The Flyer, as Thrun calls it, is essentially a giant drone with a human plunked in the middle of it, and no wheels. Online promotional videos show this machine hovering — very loudly — 10 to 15 feet above the water and maneuvering like a giant flying insect. Company literature says the vehicle weighs around 220 pounds (100 kilograms) and can hit speeds of up to 25 miles per hour (40 kilometers per hour). Watching it online is truly an impressive display – until you contemplate the notion of thousands of humans ripping through the skies on these clunky units, like the flying monkeys in "The Wizard of Oz."
Undoubtedly the design will get better over time, and Thrun says his flying vehicles will be the next “Next Big Thing,” supplanting even autonomous automobiles and trucks. “The vision of the company is that … there’s no reason why we should be stuck in traffic anymore when we can fly,” he says. “The air is so free of stuff and is so unused compared to the ground.”
Besides coming up with a machine that is safe for mass transportation use, Thrun’s biggest obstacle is government regulations. Or, rather, the lack of them. Local, state and federal regulators will need to coordinate management of any types of flying vehicles, which is bound to involve a very complicated, lengthy process. Thrun envisions people transported through the air as ubiquitously as they are now across the ground. Yet even he admits that “the equivalent of a fender-bender in the air is likely death.” The Federal Aviation Administration already has put the brakes on the usage of small drones, and it will no doubt be even more cautious when it comes to heavier flying vehicles that are transporting human beings.
But Thrun has a simple response to those regulatory hurdles – he says his machines are already “safe, tested and legal to operate in the US,” requiring no pilot license or certification, as long as they are flown in uncongested areas. But wait a minute; in California, you need a valid driver’s license, registration and insurance to drive a golf cart on city streets. According to Thrun, his flying pods are, well, above those old laws. In true Silicon Valley “disruptor” fashion, he seems prepared to ignore common sense safety precautions. And who knows, perhaps the Trump administration will say, “let’s roll the dice” on this unproven technology — just as it has loosened Obama administration regulations on self-driving cars. Laissez-faire, über alles.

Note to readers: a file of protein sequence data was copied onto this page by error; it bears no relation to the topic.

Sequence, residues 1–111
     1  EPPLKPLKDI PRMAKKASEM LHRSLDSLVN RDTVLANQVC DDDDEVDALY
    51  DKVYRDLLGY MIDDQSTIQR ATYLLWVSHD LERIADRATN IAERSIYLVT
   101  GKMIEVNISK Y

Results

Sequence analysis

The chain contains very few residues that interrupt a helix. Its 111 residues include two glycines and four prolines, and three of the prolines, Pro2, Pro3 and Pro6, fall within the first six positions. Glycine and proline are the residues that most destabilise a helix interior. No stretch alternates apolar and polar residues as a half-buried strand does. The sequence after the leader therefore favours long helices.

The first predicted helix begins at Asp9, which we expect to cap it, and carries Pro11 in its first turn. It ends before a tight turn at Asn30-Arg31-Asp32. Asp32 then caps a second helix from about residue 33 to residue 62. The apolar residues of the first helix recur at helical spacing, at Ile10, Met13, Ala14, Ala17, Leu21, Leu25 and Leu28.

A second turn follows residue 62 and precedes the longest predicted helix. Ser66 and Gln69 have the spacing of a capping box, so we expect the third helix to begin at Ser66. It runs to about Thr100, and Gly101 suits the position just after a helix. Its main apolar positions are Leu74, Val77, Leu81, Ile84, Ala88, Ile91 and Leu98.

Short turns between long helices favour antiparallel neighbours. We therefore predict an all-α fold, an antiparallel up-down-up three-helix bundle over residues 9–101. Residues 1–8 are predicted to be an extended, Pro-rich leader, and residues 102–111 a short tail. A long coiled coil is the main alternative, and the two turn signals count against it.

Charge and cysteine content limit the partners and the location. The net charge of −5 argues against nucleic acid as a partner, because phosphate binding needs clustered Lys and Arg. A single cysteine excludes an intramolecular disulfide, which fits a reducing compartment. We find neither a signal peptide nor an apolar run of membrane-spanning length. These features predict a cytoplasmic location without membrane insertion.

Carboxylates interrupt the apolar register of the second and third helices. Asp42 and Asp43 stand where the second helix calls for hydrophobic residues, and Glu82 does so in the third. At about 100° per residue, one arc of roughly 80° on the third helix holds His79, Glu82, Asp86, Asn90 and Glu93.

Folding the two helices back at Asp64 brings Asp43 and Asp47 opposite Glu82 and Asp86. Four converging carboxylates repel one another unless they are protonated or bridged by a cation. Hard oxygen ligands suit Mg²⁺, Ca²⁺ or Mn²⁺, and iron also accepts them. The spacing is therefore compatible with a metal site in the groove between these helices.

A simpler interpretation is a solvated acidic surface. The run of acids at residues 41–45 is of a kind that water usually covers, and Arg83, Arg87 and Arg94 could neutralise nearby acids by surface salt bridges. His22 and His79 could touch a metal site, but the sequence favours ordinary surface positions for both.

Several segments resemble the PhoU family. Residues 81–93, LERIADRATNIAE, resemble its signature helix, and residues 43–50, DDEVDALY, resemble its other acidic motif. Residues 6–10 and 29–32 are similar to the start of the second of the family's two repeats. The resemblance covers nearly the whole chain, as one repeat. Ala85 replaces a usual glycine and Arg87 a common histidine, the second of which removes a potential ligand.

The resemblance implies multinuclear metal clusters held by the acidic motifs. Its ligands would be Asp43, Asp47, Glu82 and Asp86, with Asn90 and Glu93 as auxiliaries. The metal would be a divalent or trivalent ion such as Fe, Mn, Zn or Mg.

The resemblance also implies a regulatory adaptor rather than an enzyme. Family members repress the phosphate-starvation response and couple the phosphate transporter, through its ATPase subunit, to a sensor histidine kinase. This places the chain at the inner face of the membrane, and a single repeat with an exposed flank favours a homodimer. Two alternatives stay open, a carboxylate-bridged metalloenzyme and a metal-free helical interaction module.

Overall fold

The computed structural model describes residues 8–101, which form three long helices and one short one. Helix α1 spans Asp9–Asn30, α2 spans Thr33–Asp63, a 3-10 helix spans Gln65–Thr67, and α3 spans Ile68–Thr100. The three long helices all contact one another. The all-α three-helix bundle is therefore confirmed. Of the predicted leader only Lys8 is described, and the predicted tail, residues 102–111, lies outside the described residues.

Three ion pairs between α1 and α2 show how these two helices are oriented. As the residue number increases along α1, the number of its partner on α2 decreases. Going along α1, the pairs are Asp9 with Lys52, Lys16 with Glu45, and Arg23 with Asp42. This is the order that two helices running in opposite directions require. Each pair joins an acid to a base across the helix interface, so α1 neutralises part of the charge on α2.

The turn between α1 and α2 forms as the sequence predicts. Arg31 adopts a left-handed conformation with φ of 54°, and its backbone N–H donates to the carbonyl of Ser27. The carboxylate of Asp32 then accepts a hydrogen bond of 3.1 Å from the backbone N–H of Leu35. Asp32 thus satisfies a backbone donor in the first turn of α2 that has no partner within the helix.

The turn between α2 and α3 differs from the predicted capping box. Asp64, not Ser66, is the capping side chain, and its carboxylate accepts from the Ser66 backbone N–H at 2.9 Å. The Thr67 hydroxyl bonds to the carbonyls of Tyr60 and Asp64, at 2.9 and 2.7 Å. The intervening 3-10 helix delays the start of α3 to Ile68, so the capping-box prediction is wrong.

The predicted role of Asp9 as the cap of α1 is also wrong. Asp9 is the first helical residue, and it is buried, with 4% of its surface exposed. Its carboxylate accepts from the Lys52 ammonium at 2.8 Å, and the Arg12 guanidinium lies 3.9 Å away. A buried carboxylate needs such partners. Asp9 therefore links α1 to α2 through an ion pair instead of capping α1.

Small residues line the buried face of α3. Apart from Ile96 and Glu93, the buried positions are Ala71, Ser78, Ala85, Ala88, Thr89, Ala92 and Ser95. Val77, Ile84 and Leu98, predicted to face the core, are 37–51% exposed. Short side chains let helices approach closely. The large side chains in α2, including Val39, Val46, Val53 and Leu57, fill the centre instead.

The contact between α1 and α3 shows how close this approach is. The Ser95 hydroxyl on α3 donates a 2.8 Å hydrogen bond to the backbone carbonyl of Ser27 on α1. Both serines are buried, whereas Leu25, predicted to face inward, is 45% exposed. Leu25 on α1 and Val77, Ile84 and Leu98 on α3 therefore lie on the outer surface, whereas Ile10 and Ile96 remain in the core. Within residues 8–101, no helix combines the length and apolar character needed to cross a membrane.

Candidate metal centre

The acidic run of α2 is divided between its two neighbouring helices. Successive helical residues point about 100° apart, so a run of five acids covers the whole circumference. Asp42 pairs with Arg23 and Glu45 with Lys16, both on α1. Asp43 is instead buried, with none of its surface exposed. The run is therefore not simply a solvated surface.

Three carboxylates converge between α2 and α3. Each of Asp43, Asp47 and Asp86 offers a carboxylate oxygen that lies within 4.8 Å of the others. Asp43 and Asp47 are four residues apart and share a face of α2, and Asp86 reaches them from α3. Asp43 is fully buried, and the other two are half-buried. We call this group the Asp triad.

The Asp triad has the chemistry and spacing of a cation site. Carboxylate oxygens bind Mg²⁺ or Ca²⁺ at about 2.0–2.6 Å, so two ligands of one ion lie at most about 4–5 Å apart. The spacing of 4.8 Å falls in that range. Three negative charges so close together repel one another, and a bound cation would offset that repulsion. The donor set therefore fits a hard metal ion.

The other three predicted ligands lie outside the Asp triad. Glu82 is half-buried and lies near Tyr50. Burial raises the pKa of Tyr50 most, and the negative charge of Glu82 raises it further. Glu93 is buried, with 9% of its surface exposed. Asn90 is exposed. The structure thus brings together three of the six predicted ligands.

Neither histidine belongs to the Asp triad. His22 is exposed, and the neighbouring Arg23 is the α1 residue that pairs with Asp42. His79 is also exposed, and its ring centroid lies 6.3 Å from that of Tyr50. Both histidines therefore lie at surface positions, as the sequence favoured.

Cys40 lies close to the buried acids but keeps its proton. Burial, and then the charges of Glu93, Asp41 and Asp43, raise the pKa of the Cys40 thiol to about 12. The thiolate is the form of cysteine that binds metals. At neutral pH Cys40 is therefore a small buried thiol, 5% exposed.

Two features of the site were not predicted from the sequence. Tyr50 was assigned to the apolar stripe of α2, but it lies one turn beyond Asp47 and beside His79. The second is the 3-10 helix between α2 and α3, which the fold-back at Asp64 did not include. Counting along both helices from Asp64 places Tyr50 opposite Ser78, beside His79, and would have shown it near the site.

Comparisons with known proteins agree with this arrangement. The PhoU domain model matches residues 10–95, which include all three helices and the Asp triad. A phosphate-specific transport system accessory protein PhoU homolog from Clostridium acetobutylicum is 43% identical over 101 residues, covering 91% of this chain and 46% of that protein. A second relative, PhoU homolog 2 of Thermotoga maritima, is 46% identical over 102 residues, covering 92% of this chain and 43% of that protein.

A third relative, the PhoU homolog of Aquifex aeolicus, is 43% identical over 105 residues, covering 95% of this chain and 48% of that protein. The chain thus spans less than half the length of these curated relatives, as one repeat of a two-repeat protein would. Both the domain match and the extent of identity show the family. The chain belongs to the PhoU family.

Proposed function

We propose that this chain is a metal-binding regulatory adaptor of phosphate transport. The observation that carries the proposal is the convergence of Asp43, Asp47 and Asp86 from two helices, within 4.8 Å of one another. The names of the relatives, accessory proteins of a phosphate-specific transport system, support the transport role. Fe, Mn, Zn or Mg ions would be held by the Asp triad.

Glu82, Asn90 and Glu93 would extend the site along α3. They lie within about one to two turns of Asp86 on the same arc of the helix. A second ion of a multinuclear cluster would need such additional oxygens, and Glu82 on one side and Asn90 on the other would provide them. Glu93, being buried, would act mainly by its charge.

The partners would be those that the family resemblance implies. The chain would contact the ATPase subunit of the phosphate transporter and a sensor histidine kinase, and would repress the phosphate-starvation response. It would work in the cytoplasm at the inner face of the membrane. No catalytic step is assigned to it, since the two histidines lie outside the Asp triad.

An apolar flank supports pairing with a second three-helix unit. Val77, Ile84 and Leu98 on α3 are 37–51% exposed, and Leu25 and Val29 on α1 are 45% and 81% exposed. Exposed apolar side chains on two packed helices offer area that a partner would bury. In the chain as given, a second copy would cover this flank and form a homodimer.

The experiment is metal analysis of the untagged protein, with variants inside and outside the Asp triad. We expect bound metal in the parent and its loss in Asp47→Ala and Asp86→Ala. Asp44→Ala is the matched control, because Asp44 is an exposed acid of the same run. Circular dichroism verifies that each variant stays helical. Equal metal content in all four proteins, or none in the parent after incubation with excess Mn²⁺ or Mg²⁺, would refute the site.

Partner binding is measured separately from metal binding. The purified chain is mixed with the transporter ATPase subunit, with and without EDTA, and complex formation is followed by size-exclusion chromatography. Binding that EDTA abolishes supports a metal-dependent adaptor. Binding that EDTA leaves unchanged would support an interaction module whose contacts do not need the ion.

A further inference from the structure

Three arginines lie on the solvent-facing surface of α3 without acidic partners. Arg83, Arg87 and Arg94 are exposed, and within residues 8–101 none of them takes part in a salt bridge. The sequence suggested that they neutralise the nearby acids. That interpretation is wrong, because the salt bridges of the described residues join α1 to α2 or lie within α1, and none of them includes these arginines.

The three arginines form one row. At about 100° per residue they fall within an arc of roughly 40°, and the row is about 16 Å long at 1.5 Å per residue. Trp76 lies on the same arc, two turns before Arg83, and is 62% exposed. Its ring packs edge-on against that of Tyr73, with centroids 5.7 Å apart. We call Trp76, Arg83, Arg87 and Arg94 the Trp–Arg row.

I’m not a Luddite, and I admit that my crystal ball doesn’t have infinite vision; who knows, maybe one day we will have flying cars, and self-driving vehicles, too. One company that has a credible-looking prototype is called Lilium Aviation, based in Munich, Germany. It has flown a very impressive two-seat electric pod (see video in this link) that has VTOL (vertical takeoff and landing, like a helicopter) but then shuttles along smoothly, like a jet. It has raised a modest $90 million to fund the next phase of development, and estimates that it will provide on-demand air transport for passengers by 2025. Like its competitors, that’s probably a bit of overestimated hype, but at least both Lilium’s product and its hype doesn't appear to have both feet planted firmly in the air, like its competitors.
It’s bound to be a slow race to see which company, and which type of technology, might eventually succeed. But one thing seems clear: the winner will not be Uber. Indeed, Uber may not even be around in another few years. The company’s biggest challenge right now is survival; talk of anything else is just a distraction, meant to reinforce its global reputation as a cutting edge technology company and lure investors with vaporware like its flying car. But there’s nothing cutting-edge about overhyping your product and under-delivering your service.